39 min

WELL / AWARE Show 007: The $800 Farm-to-Table Sweater with Tempest Bentley Well Aware Podcast

    • Alternative Health

Marissa Goodman Thieriot has invented, and if not invented, certainly modernized, the farm to table sweater with her company Tempest Bentley. From the wool used to create the sweaters, which is harvested from sheep who eat, sleep, drink and play the way they should, by workers who truly care about their trade, to the box and packaging the sweater arrives in and the tags it bears before that first wear. Every step of the way is well-researched,  I was intrigued by this purist approach — as we all know mine is conscious but not nearly this pure as it’s not entirely sustainable — and wanted to find out what drove her to direct this beautiful symphony of mindful manufacturing. The sweaters themselves are absolutely stunning, featuring well stitched, thick cables that are vintage in style but modern in cut and material.





Marissa has a particularly unique perspective on conscious living, as her husband’s family owns a sustainable ranch in California. She’s been able to learn a lot very quickly and shares that knowledge with us. But she also shares the irony and dynamism many of us experience: we wouldn’t be where we are without having worked with large, corporate brands, many of which are now the ones we’re boycotting. It’s a fascinating and dynamic discussion for anyone who’s interested in learning about the slow living movement.

In this interview, we discuss:

– why sustainable sweaters cost $800 (she literally breaks it down!), and why that’s not a terrible price to pay

– our own pasts, how we’re actually reformed children of a material world and how that’s totally OK!

– the problem with bargain shopping for the lowest common denominator

– the significance of a farm-to-table sweater in our lives

– the benefits of living minimally, and how to do it in a way that’s sustainable for you

SHOW NOTES:

Alden Wicker, Episode 3 from the WELL / AWARE Show archives

How to Clean Sweaters over on Upperlyne (written by Marissa Goodman Theiriot, our guest in today’s show)

Marissa Goodman Thieriot has invented, and if not invented, certainly modernized, the farm to table sweater with her company Tempest Bentley. From the wool used to create the sweaters, which is harvested from sheep who eat, sleep, drink and play the way they should, by workers who truly care about their trade, to the box and packaging the sweater arrives in and the tags it bears before that first wear. Every step of the way is well-researched,  I was intrigued by this purist approach — as we all know mine is conscious but not nearly this pure as it’s not entirely sustainable — and wanted to find out what drove her to direct this beautiful symphony of mindful manufacturing. The sweaters themselves are absolutely stunning, featuring well stitched, thick cables that are vintage in style but modern in cut and material.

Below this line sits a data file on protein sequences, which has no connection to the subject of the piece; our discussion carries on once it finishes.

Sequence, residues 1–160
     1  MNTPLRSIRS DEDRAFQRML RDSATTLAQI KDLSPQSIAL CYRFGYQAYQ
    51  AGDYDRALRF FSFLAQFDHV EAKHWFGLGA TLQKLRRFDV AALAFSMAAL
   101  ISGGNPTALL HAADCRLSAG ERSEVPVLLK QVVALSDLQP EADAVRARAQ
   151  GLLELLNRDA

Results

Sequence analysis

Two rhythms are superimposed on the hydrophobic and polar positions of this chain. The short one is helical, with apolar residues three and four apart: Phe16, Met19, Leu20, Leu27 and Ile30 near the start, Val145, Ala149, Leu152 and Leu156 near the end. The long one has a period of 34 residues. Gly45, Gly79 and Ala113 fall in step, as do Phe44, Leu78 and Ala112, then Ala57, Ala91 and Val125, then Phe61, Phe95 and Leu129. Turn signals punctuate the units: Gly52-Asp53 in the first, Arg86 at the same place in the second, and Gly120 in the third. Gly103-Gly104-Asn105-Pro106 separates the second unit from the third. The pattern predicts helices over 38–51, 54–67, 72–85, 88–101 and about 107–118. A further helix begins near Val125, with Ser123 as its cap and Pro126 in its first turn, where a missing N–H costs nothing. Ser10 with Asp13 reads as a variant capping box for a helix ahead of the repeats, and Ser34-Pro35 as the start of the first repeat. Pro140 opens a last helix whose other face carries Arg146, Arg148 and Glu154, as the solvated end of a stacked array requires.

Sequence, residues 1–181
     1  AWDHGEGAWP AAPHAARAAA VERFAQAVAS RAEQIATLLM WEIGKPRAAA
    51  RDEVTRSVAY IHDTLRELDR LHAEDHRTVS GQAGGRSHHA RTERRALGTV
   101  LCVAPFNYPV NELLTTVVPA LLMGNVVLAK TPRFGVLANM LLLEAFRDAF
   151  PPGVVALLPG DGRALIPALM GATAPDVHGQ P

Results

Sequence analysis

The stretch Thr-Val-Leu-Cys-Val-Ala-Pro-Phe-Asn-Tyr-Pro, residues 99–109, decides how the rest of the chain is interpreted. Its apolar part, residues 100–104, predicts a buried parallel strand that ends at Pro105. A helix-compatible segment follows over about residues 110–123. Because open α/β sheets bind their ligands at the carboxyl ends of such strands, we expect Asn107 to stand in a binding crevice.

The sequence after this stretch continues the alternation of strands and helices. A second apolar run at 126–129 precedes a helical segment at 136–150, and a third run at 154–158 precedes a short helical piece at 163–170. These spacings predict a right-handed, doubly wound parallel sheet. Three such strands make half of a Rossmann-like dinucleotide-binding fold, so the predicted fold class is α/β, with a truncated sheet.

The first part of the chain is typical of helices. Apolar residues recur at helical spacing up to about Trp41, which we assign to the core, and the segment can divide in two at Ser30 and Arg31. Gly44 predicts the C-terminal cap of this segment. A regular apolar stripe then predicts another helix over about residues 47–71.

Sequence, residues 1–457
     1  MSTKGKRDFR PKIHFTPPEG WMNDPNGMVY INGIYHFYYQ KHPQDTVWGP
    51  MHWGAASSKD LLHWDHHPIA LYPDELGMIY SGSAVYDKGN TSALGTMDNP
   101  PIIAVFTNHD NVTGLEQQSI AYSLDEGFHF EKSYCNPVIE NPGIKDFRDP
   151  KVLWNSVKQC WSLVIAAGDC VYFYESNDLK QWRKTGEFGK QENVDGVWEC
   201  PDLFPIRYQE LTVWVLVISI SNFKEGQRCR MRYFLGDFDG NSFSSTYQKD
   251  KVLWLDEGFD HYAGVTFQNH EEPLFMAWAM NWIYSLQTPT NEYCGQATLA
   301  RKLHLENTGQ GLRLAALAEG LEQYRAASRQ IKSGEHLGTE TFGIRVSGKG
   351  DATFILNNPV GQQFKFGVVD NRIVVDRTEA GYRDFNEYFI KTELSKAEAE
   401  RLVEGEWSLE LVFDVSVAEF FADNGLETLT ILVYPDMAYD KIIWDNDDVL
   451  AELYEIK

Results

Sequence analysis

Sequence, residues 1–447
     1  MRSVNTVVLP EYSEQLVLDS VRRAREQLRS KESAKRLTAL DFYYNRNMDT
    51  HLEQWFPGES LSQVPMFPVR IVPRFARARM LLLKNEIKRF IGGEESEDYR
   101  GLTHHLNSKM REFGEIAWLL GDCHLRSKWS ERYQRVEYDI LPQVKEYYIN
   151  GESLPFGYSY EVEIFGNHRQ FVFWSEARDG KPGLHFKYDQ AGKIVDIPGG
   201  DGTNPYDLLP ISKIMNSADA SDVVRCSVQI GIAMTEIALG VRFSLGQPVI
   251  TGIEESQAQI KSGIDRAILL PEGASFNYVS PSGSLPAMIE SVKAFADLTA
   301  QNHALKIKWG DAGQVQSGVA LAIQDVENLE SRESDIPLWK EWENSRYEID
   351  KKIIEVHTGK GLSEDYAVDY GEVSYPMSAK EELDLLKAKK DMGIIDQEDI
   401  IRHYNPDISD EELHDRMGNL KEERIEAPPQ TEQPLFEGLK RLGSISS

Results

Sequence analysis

Marissa has a particularly unique perspective on conscious living, as her husband’s family owns a sustainable ranch in California. She’s been able to learn a lot very quickly and shares that knowledge with us. But she also shares the irony and dynamism many of us experience: we wouldn’t be where we are without having worked with large, corporate brands, many of which are now the ones we’re boycotting. It’s a fascinating and dynamic discussion for anyone who’s interested in learning about the slow living movement.

In this interview, we discuss:

– why sustainable sweaters cost $800 (she literally breaks it down!), and why that’s not a terrible price to pay

– our own pasts, how we’re actually reformed children of a material world and how that’s totally OK!

– the problem with bargain shopping for the lowest common denominator

– the significance of a farm-to-table sweater in our lives

– the benefits of living minimally, and how to do it in a way that’s sustainable for you

SHOW NOTES:

Alden Wicker, Episode 3 from the WELL / AWARE Show archives

How to Clean Sweaters over on Upperlyne (written by Marissa Goodman Theiriot, our guest in today’s show)

39 min